North Carolina’s “Monty Hall” Republicans in Washington …

The new majority in the state legislature has been a pleasant surprise for North Carolina conservatives, who have stewed for years about the spending smorgasbord on Jones Street.  We have been seeing a lot of principled conservatism and common-sense legislation coming out of the legislature this year.

For 30 years, conservatives in North Carolina had a champion in DC in the form of US Senator Jesse Helms.  Helms, proud of his nickname “Senator No”, spent years tying up and standing in the way of really bad legislation.  The bi-partisan Ruling Class poo-pooed Helms’ s tactics, chiding them for harming the opportunity to “get something done.”  Helms is now out of office and resting in his VIP suite behind St. Peter’s gate.  Unfortunately,  Helms took all the principled conservatism in the state’s congressional delegation with him when he went home for good to North Carolina.

We have our senior senator, Richard Burr, palling around with John McCain of Arizona – the gracious loser of 2008 –  and Lindsey “here’s my lunch money, please don’t hurt me” Graham of South Carolina.  This group heads up the “Let’s Get Something Done” wing of the Senate GOP caucus.  Burr supports gays in the military and is co-sponsoring federal recognition (READ: massive new welfare programs) for Robeson County’s Lumbee Indians — one of the Democrats’ most reliable voting blocs in the state.  Burr voted for the debt ceiling increase, and helped undercut efforts to move the common-sense Cut, Cap and Balance legislation through the Senate.  He and Democrat Kay Hagan regularly make joint appearances and issue joint statements.

Rep. Howard Coble of Greensboro said he voted for the debt ceiling increase because “it was the best deal we could get.”  Renee Ellmers, who knocked off Bob Etheridge in 2010 with Tea Party help, took the same route.  Apparently, Rep. Virginia Foxx — who has a reputation as a conservative stalwart — is jumping on this bandwagon, too:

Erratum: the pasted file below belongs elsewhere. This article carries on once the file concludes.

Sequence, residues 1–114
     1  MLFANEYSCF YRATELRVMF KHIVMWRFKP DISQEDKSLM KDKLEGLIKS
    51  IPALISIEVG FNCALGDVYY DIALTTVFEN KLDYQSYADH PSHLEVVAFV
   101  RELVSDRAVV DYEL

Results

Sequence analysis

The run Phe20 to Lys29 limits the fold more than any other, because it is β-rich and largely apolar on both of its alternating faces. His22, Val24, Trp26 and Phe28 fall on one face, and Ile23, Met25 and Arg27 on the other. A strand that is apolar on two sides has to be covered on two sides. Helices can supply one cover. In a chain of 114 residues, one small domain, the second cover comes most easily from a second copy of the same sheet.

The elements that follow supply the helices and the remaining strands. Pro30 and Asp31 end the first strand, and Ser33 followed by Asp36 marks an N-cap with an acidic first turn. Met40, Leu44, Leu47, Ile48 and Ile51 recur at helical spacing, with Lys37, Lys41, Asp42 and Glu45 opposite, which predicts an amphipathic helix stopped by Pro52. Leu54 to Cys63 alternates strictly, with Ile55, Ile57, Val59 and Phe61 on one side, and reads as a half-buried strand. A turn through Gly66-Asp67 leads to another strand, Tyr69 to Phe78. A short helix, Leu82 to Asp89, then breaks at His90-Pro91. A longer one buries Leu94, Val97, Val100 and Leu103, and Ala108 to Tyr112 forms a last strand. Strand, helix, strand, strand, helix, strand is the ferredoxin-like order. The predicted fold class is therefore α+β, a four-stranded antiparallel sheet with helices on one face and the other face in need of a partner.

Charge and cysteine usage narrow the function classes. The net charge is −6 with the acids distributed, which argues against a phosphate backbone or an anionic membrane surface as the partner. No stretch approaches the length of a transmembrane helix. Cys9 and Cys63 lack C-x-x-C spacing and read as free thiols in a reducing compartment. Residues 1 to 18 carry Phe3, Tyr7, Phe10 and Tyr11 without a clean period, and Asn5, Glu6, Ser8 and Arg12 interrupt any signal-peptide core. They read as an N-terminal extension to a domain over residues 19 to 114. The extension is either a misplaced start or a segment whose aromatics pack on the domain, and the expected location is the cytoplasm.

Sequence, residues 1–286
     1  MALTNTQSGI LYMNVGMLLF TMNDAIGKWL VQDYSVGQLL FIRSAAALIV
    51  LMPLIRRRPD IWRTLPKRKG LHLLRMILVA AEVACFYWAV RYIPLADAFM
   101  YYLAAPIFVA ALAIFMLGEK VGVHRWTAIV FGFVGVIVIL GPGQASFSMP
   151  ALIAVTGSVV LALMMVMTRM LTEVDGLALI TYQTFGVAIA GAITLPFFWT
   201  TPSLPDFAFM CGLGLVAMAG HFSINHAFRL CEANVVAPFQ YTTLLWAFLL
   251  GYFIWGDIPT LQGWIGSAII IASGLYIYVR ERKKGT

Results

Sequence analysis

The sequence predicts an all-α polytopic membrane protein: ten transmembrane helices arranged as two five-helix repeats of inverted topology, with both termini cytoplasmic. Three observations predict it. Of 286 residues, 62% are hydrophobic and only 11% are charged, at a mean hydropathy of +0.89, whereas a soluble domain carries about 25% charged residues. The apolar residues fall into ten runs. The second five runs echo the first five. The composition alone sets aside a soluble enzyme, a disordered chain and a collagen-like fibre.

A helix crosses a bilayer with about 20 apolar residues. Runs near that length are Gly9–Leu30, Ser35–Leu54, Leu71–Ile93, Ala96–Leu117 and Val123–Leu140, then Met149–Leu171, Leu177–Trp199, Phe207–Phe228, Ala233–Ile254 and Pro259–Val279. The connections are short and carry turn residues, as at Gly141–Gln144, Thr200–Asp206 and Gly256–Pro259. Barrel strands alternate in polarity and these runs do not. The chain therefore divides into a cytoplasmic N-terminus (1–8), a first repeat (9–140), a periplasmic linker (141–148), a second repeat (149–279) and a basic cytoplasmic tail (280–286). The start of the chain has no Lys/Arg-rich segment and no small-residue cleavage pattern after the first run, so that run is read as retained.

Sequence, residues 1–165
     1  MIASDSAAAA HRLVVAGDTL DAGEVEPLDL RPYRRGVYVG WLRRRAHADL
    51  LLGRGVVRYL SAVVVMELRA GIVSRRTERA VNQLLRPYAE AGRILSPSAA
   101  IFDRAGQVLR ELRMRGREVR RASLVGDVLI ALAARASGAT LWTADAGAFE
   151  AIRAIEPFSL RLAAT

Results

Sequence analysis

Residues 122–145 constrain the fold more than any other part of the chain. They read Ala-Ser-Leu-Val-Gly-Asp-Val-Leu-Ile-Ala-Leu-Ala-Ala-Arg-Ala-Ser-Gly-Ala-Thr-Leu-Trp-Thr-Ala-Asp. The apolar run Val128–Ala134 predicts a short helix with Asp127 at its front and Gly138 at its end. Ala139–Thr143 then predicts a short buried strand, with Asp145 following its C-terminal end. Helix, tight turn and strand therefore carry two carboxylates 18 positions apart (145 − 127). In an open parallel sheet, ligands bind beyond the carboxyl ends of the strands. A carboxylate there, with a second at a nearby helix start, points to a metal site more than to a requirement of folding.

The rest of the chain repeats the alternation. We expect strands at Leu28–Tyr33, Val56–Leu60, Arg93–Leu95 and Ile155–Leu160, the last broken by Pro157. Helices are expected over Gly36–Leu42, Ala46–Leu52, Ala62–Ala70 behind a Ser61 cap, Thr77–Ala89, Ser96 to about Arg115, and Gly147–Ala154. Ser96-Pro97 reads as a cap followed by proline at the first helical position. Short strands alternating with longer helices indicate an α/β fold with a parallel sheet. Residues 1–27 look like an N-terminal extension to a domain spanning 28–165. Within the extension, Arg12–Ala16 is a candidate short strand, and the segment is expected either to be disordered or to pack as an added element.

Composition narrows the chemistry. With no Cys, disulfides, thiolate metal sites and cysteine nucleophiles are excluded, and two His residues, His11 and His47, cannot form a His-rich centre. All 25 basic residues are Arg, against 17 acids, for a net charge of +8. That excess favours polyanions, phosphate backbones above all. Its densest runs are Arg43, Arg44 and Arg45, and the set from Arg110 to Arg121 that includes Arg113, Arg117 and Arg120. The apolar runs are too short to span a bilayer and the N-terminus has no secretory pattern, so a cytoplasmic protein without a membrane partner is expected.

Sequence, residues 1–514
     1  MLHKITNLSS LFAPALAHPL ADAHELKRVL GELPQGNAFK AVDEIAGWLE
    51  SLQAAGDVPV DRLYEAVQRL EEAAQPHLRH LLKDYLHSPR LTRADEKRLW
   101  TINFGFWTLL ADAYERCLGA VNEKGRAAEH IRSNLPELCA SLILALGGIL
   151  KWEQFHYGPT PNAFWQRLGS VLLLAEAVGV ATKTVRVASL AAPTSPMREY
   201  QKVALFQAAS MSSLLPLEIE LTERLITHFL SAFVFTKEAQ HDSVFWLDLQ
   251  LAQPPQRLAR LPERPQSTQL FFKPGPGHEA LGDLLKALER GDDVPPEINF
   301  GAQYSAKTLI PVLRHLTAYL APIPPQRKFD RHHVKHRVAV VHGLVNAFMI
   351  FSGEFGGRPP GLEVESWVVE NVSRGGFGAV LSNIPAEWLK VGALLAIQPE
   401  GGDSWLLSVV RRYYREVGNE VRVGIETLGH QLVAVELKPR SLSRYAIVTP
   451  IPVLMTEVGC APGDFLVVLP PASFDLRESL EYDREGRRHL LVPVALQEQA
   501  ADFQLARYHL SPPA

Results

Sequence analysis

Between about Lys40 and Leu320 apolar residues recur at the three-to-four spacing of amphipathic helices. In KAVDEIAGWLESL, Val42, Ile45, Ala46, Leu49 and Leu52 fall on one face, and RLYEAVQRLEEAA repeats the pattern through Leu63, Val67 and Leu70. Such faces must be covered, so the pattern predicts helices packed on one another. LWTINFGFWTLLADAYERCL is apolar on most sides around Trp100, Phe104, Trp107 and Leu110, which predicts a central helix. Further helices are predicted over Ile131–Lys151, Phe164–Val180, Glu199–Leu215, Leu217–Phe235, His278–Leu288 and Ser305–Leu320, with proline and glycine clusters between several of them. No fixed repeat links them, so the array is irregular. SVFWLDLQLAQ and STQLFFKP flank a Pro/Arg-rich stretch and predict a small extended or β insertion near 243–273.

North Carolina Congresswoman Virginia Foxx had a confrontation with her colleague, Rep. Michele Bachmann earlier this year, according to a profile of Bachmann in The Wall Street Journal.

According to the Journal, Bachmann, who has recently emerged as a major GOP presidential hopeful, had incensed some fellow Republicans by repeatedly criticizing proposed budget compromises aimed at avoiding government shut downs, insisting on provisions that would never pass the Senate.

In a closed door meeting of the House Republican conference this spring, Foxx singled out Bachmann by name saying she was making compromise hard by insisting on unrealistic provisions.

Trying to ease the tension, Bachmann said she didn’t their criticisms personally.

“Well, you should,” Foxx replied, according to people present, The Journal reported.

Bachmann has been a passionate advocate for dramatically reining in the scope of the federal government.  She has been a proponent of “Cut, Cap and Balance,” which would have reined in the government without forcing tax increases or harming national interests. That, apparently, was an example of the “unrealistic provisions” Foxx had a problem with.

In the 1970s, a guy named Monty Hall hosted a show called “Let’s Make A Deal.”  Our delegation’s Republicans have decided to emulate Hall and seek out opportunities to make a deal with Democrats and The Ruling Class at every turn.